Starcher

CHARLESTON – Justice Larry Starcher of the West Virginia Supreme Court of Appeals would control escalating jail costs by letting inmates out of jail. " />

Starcher proposes letting inmates out of jail

Starcher

CHARLESTON – Justice Larry Starcher of the West Virginia Supreme Court of Appeals would control escalating jail costs by letting inmates out of jail.

"West Virginia has absolutely no need for the number of jail and prison beds it has now," Starcher claimed in concurring with a Nov. 21 decision on regional jails.

"Crime rates are down in our state," he argued. "Most new admissions to jails and prisons are for nonviolent offenses."

A substantial portion of inmates are there because of untreated mental illness, he wrote.

Regional jails are overcrowded, he wrote, "but the truth is that for the same or less money, many of the current inmates could be safely punished or safely managed (with intensive supervision) in the community."

He proposed that they clean highways, parks and streams.

He wrote, "Sadly, too many prosecutors seek and judges impose long prison and jail sentences out of fear, anger, and re-election concerns –- not common sense or a compelling concern for public safety."

The situation cries out for legislative attention, he wrote.

He added that, "... when it comes to locking people up, race matters."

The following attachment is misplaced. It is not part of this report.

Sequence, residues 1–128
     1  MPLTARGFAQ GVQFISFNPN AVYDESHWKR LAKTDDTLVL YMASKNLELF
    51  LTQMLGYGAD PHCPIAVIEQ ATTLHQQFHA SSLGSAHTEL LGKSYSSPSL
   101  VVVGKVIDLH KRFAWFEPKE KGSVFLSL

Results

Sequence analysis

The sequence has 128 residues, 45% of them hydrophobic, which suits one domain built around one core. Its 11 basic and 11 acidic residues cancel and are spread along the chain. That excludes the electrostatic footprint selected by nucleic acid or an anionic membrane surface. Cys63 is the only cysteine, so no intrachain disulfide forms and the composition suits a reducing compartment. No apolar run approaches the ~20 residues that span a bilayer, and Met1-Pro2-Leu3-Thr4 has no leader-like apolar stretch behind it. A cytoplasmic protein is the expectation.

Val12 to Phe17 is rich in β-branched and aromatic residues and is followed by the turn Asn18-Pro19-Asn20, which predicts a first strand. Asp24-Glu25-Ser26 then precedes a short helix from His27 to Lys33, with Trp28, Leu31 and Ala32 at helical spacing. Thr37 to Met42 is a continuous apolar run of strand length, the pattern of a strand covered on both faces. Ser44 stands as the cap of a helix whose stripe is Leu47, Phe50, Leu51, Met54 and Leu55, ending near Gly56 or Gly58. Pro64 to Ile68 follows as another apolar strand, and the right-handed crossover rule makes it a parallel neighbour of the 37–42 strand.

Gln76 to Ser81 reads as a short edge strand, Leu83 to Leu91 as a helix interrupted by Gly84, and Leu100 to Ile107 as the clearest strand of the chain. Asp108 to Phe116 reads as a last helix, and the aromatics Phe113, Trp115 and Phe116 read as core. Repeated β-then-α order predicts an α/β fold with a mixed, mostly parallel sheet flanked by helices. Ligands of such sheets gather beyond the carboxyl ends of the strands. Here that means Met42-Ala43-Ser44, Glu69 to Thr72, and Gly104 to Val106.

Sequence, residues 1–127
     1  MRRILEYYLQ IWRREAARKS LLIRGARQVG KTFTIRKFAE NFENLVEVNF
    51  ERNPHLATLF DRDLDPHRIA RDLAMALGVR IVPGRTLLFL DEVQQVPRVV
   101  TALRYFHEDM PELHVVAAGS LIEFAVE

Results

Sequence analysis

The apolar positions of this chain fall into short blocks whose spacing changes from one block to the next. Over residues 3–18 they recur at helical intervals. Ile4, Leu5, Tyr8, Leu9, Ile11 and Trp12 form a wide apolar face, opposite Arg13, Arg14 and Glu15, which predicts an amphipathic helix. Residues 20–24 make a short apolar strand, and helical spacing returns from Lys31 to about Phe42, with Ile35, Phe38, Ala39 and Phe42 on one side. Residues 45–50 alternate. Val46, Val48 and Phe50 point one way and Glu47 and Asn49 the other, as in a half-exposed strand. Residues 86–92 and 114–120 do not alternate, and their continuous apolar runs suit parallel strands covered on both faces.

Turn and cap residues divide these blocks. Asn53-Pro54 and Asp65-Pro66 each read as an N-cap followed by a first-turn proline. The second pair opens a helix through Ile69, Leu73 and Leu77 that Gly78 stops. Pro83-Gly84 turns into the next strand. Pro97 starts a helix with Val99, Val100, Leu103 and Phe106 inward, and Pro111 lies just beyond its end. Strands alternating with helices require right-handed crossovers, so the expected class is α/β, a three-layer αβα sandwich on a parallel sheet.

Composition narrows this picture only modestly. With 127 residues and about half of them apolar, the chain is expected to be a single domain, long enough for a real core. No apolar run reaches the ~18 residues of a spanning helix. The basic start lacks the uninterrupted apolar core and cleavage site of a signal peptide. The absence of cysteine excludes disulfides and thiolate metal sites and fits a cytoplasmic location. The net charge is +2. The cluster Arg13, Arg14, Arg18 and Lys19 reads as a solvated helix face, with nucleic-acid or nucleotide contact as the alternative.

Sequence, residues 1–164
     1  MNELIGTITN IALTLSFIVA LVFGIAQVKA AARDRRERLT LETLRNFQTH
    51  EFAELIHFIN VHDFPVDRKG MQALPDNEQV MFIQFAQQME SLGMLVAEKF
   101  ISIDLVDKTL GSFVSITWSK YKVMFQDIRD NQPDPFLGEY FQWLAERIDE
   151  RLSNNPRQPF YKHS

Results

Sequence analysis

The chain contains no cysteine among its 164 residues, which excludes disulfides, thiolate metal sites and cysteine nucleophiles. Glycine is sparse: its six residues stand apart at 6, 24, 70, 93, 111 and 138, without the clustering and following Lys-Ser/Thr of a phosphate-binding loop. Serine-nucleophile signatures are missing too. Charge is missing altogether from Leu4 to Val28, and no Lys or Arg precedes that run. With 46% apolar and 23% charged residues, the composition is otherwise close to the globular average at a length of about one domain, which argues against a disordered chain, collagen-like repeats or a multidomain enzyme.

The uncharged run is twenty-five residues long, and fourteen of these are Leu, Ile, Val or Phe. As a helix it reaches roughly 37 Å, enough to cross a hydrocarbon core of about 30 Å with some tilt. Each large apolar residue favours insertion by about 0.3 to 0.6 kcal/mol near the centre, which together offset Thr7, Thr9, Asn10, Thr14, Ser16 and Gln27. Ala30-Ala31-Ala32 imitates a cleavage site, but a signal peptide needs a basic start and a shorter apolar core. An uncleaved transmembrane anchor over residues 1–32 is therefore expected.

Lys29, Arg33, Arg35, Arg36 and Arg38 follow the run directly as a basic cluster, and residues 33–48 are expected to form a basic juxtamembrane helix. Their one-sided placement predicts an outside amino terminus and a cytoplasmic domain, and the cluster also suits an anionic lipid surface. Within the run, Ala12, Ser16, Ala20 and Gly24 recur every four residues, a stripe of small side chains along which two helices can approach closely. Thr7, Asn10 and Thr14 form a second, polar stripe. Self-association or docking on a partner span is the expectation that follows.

He wrote, "The percent of jail and prison inmates who are African American is hugely higher than the African American percentage in West Virginia's population."

He wrote, "And for the same offenses, black West Virginians receive much harsher sentences. To not recognize this is to turn a blind eye to the truth."

A task force worked for years on racial disparity in juvenile justice but produced no report to the Court, Starcher wrote.

"Inasmuch as a majority of this Court voted to deny me my scheduled rotation as Chief Justice for the year 2007," he wrote, "I have been unable to help bring this task force's work to a resolution."

He wrote, "Sometimes, and for some people, the continuing problems of the color line in America are more easily 'swept under the rug' than confronted. But we all pay a price for this mistake."

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